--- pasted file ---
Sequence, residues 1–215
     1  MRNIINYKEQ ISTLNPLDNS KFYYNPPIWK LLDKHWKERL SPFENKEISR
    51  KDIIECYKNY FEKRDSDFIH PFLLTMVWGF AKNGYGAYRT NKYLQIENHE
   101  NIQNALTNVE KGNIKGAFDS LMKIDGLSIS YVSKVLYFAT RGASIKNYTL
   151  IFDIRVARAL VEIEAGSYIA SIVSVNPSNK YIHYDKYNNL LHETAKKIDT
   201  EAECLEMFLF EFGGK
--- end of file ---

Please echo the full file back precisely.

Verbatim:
Sequence, residues 1–215
     1  MRNIINYKEQ ISTLNPLDNS KFYYNPPIWK LLDKHWKERL SPFENKEISR
    51  KDIIECYKNY FEKRDSDFIH PFLLTMVWGF AKNGYGAYRT NKYLQIENHE
   101  NIQNALTNVE KGNIKGAFDS LMKIDGLSIS YVSKVLYFAT RGASIKNYTL
   151  IFDIRVARAL VEIEAGSYIA SIVSVNPSNK YIHYDKYNNL LHETAKKIDT
   201  EAECLEMFLF EFGGK